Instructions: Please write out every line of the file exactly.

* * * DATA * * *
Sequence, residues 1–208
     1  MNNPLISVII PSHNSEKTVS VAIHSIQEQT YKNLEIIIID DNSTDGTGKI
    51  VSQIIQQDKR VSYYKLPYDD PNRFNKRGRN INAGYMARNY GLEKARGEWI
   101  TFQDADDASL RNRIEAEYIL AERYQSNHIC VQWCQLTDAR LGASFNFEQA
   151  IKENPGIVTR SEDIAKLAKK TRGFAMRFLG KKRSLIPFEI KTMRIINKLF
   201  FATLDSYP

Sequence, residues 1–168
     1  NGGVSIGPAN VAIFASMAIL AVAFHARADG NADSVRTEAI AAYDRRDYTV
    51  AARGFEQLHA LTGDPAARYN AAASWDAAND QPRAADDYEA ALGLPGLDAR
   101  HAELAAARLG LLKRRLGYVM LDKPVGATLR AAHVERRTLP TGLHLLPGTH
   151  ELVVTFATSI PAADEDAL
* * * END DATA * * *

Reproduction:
Sequence, residues 1–208
     1  MNNPLISVII PSHNSEKTVS VAIHSIQEQT YKNLEIIIID DNSTDGTGKI
    51  VSQIIQQDKR VSYYKLPYDD PNRFNKRGRN INAGYMARNY GLEKARGEWI
   101  TFQDADDASL RNRIEAEYIL AERYQSNHIC VQWCQLTDAR LGASFNFEQA
   151  IKENPGIVTR SEDIAKLAKK TRGFAMRFLG KKRSLIPFEI KTMRIINKLF
   201  FATLDSYP

Sequence, residues 1–168
     1  NGGVSIGPAN VAIFASMAIL AVAFHARADG NADSVRTEAI AAYDRRDYTV
    51  AARGFEQLHA LTGDPAARYN AAASWDAAND QPRAADDYEA ALGLPGLDAR
   101  HAELAAARLG LLKRRLGYVM LDKPVGATLR AAHVERRTLP TGLHLLPGTH
   151  ELVVTFATSI PAADEDAL